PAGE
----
Making a somewhat-sketchy assumption (I'll get to it in a moment), it seems to me that this radiation pressure would also explain inertial mass and the equivalence principle. If we're moving in any one direction, we should see the light ahead of us blueshifted and the light behind us redshifted. Since we'd see higher energy ahead and lower energy behind, that seems to imply that we'd feel a sort of radiation pressure "drag force" that would resist not just acceleration, but constant motion as well. This is the leap: if you imagine the atoms in a massive body wobbling about with a speed proportional to their temperature, then accelerating this body would heat it up some minor amount, and the faster-moving particles would then be less likely to interact with these background photons. (The same amount of matter, now hotter, is "less dense"--not a perfect analogy, but I can't think of a better way to illustrate it without diagrams.) This assumption would account for Newton's first law, as well as the eventual relativistic corrections for mass-energy that came around so many years later. If this isn't the mechanism, I'm curious as to why we don't see a cosmic background drag in constant motion.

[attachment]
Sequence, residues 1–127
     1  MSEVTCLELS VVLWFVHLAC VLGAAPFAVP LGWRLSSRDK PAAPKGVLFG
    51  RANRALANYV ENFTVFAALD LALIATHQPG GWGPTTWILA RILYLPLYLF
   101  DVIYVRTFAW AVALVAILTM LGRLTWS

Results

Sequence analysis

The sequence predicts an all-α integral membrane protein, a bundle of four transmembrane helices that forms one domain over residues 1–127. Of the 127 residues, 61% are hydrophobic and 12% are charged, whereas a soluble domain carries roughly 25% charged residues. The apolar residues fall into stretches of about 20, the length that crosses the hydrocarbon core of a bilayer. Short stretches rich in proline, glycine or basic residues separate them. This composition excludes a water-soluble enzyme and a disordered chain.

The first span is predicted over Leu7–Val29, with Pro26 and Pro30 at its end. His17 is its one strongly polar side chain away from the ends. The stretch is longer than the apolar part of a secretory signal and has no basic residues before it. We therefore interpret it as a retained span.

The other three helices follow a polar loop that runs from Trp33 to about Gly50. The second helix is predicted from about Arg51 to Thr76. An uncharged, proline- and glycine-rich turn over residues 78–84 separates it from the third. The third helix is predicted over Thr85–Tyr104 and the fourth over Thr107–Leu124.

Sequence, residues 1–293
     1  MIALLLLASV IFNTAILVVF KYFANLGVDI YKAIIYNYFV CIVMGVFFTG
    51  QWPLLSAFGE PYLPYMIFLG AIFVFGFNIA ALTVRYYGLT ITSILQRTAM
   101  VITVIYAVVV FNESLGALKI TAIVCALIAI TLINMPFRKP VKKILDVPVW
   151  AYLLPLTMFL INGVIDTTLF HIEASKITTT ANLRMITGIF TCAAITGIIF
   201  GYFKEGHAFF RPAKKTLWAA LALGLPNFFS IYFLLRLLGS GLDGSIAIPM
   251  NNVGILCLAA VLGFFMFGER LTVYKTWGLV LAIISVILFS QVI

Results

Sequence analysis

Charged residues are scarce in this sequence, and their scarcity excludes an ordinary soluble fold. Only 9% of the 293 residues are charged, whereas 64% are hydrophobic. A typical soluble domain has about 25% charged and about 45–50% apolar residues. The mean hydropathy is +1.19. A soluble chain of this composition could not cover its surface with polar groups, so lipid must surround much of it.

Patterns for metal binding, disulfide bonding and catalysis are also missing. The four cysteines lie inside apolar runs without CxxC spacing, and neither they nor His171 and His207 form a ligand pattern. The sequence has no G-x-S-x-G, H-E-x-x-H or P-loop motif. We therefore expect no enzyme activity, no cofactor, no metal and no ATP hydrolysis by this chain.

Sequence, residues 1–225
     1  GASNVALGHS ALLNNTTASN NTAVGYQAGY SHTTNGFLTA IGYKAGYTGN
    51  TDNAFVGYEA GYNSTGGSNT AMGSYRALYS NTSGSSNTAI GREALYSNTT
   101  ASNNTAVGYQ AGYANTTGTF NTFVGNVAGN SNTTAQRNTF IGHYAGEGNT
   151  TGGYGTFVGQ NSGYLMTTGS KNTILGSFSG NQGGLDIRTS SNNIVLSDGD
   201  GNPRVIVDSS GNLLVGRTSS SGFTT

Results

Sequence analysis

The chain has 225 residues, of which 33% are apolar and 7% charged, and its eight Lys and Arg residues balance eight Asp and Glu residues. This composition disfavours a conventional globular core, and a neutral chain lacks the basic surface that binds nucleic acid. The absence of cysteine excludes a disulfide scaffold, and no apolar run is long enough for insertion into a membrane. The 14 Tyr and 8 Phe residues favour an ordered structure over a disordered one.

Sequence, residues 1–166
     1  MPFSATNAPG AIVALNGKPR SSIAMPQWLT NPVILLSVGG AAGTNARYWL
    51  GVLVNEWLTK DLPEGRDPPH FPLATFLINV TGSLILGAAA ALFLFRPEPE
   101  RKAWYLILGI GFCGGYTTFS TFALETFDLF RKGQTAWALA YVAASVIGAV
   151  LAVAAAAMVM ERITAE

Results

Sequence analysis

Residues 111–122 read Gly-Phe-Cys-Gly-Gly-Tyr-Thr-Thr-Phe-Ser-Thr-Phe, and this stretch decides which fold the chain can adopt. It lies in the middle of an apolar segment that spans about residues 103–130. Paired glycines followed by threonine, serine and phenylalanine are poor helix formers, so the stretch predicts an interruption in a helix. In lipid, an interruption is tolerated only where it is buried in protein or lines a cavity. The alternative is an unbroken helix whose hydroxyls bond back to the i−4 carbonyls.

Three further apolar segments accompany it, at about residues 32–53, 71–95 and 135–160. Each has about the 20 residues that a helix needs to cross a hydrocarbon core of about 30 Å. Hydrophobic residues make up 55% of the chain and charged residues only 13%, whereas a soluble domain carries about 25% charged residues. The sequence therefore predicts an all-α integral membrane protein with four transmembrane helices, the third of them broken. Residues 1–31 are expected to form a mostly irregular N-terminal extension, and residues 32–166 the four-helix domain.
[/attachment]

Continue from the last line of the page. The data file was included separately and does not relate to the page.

So now we have a background field (which we can actually see) that would require applied force for matter to accelerate and would cause matter-dense objects to attract one another. If we can represent subatomic particles' probability of interacting with this field as proportional to their cross-sectional area, we may be able to do it all without ever involving a "mass" term, and may be able to explain the relative similarity of proton and neutron inertial masses, as well as their significant difference from that of the free electron.

Tear it apart, please! I need criticism to refine ideas and chop off the bits that don't work, otherwise I'll have to take this to one of my professors and get called a fool by someone whose opinion may actually influence my life and grades.
Thanks!

starslayer
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### Re: Radiation pressure and this "Mass" thing

Your logic starts off sound, and then starts to veer off in the second paragraph. However, instead of explaining why for now, I'll give you a way to test whether your idea is plausible: